Updated Monday, January 28, 2013 at 09:41 AM
The joint U.S. and Japanese investigation into the Boeing 787's battery problems has shifted from the battery-maker to the manufacturer of a monitoring system.
Japan transport ministry official Shigeru Takano said Monday the probe into battery-maker GS Yuasa was over for now as no evidence was found it was the source of the problems.
Ministry officials said they will inspect Kanto Aircraft Instrument Co. on Monday as part of the ongoing investigation. It makes a system that monitors voltage, charging and temperature of the lithium-ion batteries.
All 50 of the Boeing 787s in use around the world are grounded after one of the jets operated by All Nippon Airways made an emergency landing in Japan earlier this month when its main battery overheated. Earlier in January, a battery in a Japan Airlines 787 caught fire while parked at Boston's Logan International Airport.
GS Yuasa shares jumped on the news it is no longer being investigated, gaining nearly 5 percent in Tokyo trading. The issue had plunged 12 percent after the battery problems surfaced in Japan.
Ministry officials stopped short of saying that Kanto's monitoring system was under any special scrutiny, saying it was part of an ongoing investigation.
"We are looking into affiliated parts makers," Takano said. "We are looking into possibilities."
Kyoto-based GS Yuasa declined to comment, noting that the investigation was still underway.
Hideaki Kobayashi, spokesman for Kanto Aircraft, based in Fujisawa, southwest of Tokyo, declined comment. He said it was too early to tell whether its system was behind the problems.
Last week, U.S. federal investigators said the JAL battery that caught fire showed evidence of short-circuiting and a chemical reaction known as "thermal runaway," in which an increase in temperature causes progressively hotter temperatures. It's not clear to investigators which came first, the short-circuiting or the thermal runaway.
Deliveries of the jet dubbed the Dreamliner were three years behind schedule because of manufacturing delays. Much of the aircraft is made by outside manufacturers, many of them major Japanese companies who make about 35 percent of the plane.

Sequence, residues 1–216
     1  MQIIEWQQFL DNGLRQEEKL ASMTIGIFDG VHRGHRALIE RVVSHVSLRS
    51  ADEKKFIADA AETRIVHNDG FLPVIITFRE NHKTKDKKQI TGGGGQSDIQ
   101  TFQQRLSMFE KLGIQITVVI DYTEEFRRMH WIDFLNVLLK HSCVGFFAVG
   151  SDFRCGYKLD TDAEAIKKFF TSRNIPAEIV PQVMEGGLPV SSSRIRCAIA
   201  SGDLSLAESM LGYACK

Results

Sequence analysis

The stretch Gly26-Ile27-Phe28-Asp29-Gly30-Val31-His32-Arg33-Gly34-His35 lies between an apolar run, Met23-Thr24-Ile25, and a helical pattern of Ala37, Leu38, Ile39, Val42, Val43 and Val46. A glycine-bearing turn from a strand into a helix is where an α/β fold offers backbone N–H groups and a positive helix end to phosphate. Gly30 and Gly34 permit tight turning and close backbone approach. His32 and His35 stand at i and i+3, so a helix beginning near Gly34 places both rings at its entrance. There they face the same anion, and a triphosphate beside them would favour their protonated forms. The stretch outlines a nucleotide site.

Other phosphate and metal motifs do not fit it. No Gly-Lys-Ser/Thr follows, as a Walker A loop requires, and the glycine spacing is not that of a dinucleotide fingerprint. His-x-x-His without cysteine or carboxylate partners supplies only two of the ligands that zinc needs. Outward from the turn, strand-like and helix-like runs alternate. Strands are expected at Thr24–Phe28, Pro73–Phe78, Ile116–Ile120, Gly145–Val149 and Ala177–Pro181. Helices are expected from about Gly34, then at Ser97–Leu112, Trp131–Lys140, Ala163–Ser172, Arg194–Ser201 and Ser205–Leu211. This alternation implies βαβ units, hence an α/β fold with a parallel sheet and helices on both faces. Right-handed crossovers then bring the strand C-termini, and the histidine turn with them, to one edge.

It is the first jet to make wide use of lithium-ion batteries, the kind usually found in laptops and other gadgets. They are prone to overheating and require additional systems to avoid fires.
Investigators have been looking at the remnants of the ANA flight's charred battery, but it is unclear whether the battery or a related part was behind its overheating. Investigators have said the ANA battery and the JAL battery did not receive excess voltage.
Japanese carrier All Nippon Airways was the "launch customer" for the 787, and has been forced to cancel services - 643 domestic flights through Feb. 12, affecting 69,000 passengers, and 195 international flights through Feb. 18, affecting 13,620 passengers.
Japan Airlines, which has fewer 787s than ANA, has deployed other aircraft in its fleet, minimizing its flight cancellations.
Boeing, which competes against Airbus of France, has halted 787 deliveries. Boeing has orders for more than 800 of the Dreamliner planes.
The 787 is the first airliner made mostly from lightweight composite materials that boost fuel efficiency. It also relies on electronic systems rather than hydraulic or mechanical systems to a greater degree than any other airliner.
Analysts say customers won't come back to the 787 unless its safety is solidly assured.
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The distorted main lithium-ion battery, left, and an undamaged auxiliary battery.
NTSB Materials Engineer Matt Fox examines the casing from the battery involved in the Japan Airlines Boeing 787 fire in a plane that had already landed in Boston at NTSB headquarters in Washington, Wednesday, Jan. 23, 2013.
MARK WILSON / GETTY IMAGES
A part of a charred battery from a Japan Airlines (JAL) 787 is displayed at the NTSB headquaters on January 24, 2013 in Washington, DC.